Today, Chilean wine, and quality wine at that, is everywhere. It’s easy to forget that wasn’t always the case. Back in the late 1980s when Aurelio Montes and Douglas Murray founded their winery, Chile was suffering through the final years of the Pinochet dictatorship and demand for wine in Chile was flagging. Chilean wines were sold mostly in Chile at the time, and were not known to be of particularly high quality. But Montes and Murray, along with partners, Alfredo Vidaurre and Pedro Grand developed what would become Viña Montes to not only produce quality Chilean wines for consumption at home, but also for the export market.
They recognized the potential of granitic soils on the slopes of the Apalta Mountains in western Colchagua Valley and planted the area to French clones of Cabernet Sauvignon, Cabernet Franc, and Merlot. They rigorously selected quality fruit and aged their wine in new French oak. In 1998 they released their Bordeaux-style red blend, Montes Alpha M. They fearlessly planted Syrah on steep, windy slopes and soon released Montes Folly (the name is a nod to skeptics who thought Syrah was sure to fail). The final icon wine released by Montes was their Purple Angel, a rich and ripe Carmenère.
After more than 25 years of winemaking, vineyard plantings stretch across the Colchagua Valley and include estates in Apalta, Curico, and Marchigüe. They have forged relationships with winegrowers in Leyda. Most recently, vineyard sites have grown to include Zapellar, a cool, coastal area 112 miles north of Santiago. Dynamic is the word that comes to mind to describe the efforts at Montes.
We recently tastes three wines from across the range of wines produced by Montes and are happy to share our tasting notes and food pairings with you. We received these wines as tasting samples.
2015 Montes Alpha Carmenère — dark ruby in the glass with generous dark fruit aromas and herbaceous hints tucked in behind the fruit. Tart blackberry and red raspberry fruit flavors are juicy. Hints of green pepper add just the right amount of herbaceous interest as does a subtle smokiness. Tannins are significant and drying, but well integrated with the flavors. Flavors last a long time in this medium-bodied wine as do the tannins. 14.5% abv. Average price $19.06 according to Vivino.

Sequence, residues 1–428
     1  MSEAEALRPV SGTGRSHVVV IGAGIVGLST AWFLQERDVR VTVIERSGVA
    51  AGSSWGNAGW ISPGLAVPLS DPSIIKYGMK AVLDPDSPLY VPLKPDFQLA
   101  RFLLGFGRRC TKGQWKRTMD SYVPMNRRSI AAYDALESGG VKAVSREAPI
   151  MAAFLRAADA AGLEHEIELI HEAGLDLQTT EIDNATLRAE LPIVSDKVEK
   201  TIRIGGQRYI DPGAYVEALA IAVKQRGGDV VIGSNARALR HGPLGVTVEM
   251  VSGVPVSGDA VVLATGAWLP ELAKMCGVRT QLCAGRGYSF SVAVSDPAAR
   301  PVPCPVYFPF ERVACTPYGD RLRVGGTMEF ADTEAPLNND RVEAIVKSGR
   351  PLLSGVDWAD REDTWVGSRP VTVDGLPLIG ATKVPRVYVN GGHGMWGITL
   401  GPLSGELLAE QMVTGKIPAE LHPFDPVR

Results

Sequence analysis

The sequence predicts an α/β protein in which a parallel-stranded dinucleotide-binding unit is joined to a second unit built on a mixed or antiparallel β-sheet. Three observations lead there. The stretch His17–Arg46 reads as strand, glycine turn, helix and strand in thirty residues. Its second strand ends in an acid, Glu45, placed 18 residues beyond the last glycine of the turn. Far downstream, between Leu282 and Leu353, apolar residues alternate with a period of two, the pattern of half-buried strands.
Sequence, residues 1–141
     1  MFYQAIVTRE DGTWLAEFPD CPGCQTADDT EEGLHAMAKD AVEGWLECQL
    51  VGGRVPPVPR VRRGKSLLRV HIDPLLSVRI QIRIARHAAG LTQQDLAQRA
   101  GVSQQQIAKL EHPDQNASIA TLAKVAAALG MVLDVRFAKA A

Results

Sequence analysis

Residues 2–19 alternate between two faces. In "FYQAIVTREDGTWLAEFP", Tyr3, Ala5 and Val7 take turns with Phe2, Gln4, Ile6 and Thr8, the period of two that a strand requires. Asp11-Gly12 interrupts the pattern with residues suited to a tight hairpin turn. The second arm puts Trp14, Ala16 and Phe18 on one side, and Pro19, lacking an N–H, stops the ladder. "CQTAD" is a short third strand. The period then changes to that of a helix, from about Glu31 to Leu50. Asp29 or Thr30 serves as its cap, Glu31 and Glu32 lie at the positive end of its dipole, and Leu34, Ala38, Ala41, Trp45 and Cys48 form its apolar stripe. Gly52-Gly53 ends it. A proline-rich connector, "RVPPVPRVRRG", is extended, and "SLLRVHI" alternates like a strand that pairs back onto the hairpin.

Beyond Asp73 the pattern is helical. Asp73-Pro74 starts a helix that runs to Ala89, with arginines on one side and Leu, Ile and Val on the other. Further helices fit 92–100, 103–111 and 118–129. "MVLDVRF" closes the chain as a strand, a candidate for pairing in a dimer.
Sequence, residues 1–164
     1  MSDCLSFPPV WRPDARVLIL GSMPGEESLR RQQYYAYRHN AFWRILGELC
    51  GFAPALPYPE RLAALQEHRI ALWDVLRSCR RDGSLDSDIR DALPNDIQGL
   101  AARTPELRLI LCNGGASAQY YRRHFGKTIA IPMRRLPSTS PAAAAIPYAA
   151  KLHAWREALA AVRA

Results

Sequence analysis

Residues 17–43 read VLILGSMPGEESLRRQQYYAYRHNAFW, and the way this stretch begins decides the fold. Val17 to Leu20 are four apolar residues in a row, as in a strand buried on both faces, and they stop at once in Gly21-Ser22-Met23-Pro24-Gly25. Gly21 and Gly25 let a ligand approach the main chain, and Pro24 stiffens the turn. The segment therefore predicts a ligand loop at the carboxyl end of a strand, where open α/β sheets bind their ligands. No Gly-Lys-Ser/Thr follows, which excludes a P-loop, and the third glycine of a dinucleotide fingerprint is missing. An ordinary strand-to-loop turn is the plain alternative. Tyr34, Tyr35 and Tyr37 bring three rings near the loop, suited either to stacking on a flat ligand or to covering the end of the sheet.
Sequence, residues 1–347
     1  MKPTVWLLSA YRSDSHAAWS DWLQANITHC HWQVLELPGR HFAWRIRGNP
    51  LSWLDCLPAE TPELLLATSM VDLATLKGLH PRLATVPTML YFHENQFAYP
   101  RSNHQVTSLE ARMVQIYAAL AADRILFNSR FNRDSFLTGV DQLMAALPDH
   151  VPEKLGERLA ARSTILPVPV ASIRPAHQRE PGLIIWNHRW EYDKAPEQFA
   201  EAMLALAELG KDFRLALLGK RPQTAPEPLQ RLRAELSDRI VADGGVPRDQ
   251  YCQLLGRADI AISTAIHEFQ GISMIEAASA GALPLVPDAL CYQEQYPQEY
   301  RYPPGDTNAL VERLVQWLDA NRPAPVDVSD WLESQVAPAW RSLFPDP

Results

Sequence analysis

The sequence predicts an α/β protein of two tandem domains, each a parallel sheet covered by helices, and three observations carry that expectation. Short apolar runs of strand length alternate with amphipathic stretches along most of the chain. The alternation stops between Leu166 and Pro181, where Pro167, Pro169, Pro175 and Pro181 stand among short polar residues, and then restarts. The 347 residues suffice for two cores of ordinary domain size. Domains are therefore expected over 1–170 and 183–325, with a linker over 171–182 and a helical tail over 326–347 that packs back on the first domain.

This is a lovely Carmenère that has just the right amount of green pepper flavor behind the juicy fruit flavors to make it interesting and make you think Carmenère. Over the years I have had some Chilean Carmenère that was not as nicely balanced. Those experiences, like biting into a green bell pepper, make me especially appreciative of the flavor profile of this Carmenère.
The 2014-2015 growing season had adequate rainfall over winter and then was dry and warm. Dry is good, it means reduced disease pressure. Warm is good too, but hot can be a challenge. Technical notes indicate record heat during picking required some modifications in the wine cellar to produce balanced wines. This kind of knowledge comes with making wine in the region for over 25 years. 55% of the wine was aged in new French oak for 12 months.
Pair this Carmenère with a lamb burger on a whole wheat bun with lettuce, ripe tomato and mayo. Add potato salad on the side. Pizza made with ground lamb and tomatoes would also be amazing.
This wine is part of the Montes Alpha tier of wines that also includes Cabernet Sauvignon, Chardonnay, Malbec, Merlot, Pinot Noir and Syrah.